My sister and I walk the darkened streets of downtown Daytona Beach that night with our mother between us, holding our hands. It is a grand, candlelit fantasy; the singing, the dancing, the costumes, the candy…before the truth of war descends and I feel small again.

(re: photo is pic of my sister (she’s Red Riding Hood) and myself (far right) dressed as some kind of Spanish male dancer for Halloween in the 1940’s. Observe my face. I was a very serious little girl, even then.)

Speakeasy Entry “My First Halloween”


“My First Halloween”

The light from all the houses along Tanglewood Street seem dim and scary  tonight.

In my first-grader’s mind, all the doors squeak eerily as they answer our “Trick-or-Treat” call.  But, ah, the open crunch and tumble of all that candy  as it makes its way into my lovely red, metal bucket.  That is the magic of it all!  And I forget about being nervous or frightened.

“So, little, girl…what are you supposed to be?” said the wizened old gent who answered the door at #8 Tanglewood.

“Huh, ‘be?’….I dunno…”

“Well, I never heard of such a thing! A girl with a bag on her head and two holes for eyes!   You must be called something in order to be scary on Halloween!”

“But… but mom never told us we had to BE anything!”

It was true. Mom had put bags over our heads and sent us on our way.  Never “Trick-or-Treating” before,  this was my first “grown-up” Halloween.

“Just ring the doorbell and call out ‘Trick-or -Treat’, child, and show them your bucket.”

Hastily rigged, my Mom was home from work minutes before we were out the front door in our costumes: Two barefoot kids; walking bags with holes for eyes.  You could see my legs from the knees, down.  I  suppose we were a comical sight but too young to know we looked stupid.

Before us on the sidewalk, I hear snickers from a pirate with a fantastic scarf around his brow.  He wears an impressive black patch over one eye and  a long blade at his side.  His sister skips behind him, dressed in a pink, filmy fairy princess  dress with a magic wand and waving her arms at everything.  My little sister and I gaze in astonishment at the costumes as we walk farther away from home.   We saw magical creatures careen up and down the streets.  Downtown is dark and threatening if it were not for the revelers who carry old kerosene lanterns and flashlights.  Many ghosts, their white sheets flying,  scream down the sidewalks.   I could feel my little sister cling more closely as a clown opens his gaping mouth at us !  Main Street was like a ghost town, except for one lit storefront.  I pulled  little sister into the shop  and heard triple clanging sleigh bells ring over the door.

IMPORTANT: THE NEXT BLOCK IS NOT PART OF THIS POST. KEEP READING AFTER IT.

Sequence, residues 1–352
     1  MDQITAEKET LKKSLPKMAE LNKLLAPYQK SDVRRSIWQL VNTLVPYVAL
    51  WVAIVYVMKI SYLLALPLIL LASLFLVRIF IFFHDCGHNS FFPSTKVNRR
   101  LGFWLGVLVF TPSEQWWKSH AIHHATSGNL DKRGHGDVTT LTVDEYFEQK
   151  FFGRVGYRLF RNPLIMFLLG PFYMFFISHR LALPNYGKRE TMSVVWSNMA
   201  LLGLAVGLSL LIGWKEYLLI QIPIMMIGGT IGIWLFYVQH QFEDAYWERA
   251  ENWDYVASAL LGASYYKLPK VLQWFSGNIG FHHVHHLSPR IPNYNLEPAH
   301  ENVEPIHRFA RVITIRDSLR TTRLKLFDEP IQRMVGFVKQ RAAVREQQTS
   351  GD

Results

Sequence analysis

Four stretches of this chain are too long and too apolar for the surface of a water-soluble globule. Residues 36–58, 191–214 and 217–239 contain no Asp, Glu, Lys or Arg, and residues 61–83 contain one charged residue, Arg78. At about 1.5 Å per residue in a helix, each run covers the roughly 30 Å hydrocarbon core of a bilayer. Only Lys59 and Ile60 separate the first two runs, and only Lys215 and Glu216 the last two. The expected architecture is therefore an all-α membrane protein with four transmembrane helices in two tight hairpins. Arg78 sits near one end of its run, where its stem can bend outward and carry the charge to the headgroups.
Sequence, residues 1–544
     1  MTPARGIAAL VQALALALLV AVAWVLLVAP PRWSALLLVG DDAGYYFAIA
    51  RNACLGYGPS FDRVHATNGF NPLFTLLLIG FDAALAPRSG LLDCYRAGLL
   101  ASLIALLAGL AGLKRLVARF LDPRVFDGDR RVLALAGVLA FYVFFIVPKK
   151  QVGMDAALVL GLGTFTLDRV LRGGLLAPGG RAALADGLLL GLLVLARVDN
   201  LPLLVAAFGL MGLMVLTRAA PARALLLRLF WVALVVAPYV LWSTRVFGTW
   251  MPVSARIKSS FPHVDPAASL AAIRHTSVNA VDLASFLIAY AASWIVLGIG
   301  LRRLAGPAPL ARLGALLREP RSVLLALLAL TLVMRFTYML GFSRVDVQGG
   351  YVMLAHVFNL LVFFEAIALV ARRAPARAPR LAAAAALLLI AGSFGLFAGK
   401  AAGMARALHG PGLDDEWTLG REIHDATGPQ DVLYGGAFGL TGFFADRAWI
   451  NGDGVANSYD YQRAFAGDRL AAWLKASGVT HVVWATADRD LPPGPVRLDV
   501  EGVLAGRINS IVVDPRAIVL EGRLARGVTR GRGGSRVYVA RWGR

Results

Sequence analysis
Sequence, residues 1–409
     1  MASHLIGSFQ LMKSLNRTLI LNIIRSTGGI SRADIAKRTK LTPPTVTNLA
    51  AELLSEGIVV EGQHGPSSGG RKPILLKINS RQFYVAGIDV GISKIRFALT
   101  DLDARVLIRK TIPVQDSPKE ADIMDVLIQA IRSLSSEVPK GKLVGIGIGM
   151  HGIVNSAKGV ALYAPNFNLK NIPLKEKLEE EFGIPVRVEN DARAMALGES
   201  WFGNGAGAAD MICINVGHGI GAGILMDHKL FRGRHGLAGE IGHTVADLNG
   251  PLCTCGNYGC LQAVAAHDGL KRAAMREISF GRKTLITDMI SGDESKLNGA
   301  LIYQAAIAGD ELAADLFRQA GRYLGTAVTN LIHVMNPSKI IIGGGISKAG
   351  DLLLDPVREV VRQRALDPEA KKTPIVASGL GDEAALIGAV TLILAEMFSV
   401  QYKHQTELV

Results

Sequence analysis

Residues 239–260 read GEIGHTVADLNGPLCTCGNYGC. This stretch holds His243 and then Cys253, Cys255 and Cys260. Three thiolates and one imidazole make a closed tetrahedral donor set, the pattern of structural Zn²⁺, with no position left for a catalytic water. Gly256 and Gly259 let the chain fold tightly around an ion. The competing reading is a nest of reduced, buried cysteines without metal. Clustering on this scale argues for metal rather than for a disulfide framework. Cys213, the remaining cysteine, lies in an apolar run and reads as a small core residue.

“Well, look at this! If you aren’t the scariest two, bewitching bags I have ever seen! Martha, come quick, and see what just walked through our door!”

Mr. Wilkerson, the shopkeeper, loves Halloween and goes all out each year to dress and decorate for the occasion.  He wears a heavy, ape costume with a head so real it takes my breath away! My little sister, Jean, will have nightmares tonight! But there was something familiar about the voice of this gorilla that reminded me of my grandfather.

“Martha, these are the little Whitford girls from Tanglewood Street and they look weary from all their walking.  Call their mom and tell her I’m driving them home in a few minutes.

(My story based on fact. Such times did exist in the 1940’s in Daytona Beach, Florida)

Scary Trifecta

swamp_illustration“The Engagement”

From Goodwill Store
bought books galore.
Blood-gore contained
within them flamed.
Illogical,  insane
his wicked cry
as one alive!
I slammed the book
did not engage.
Then, out he crept
off damn`ed page!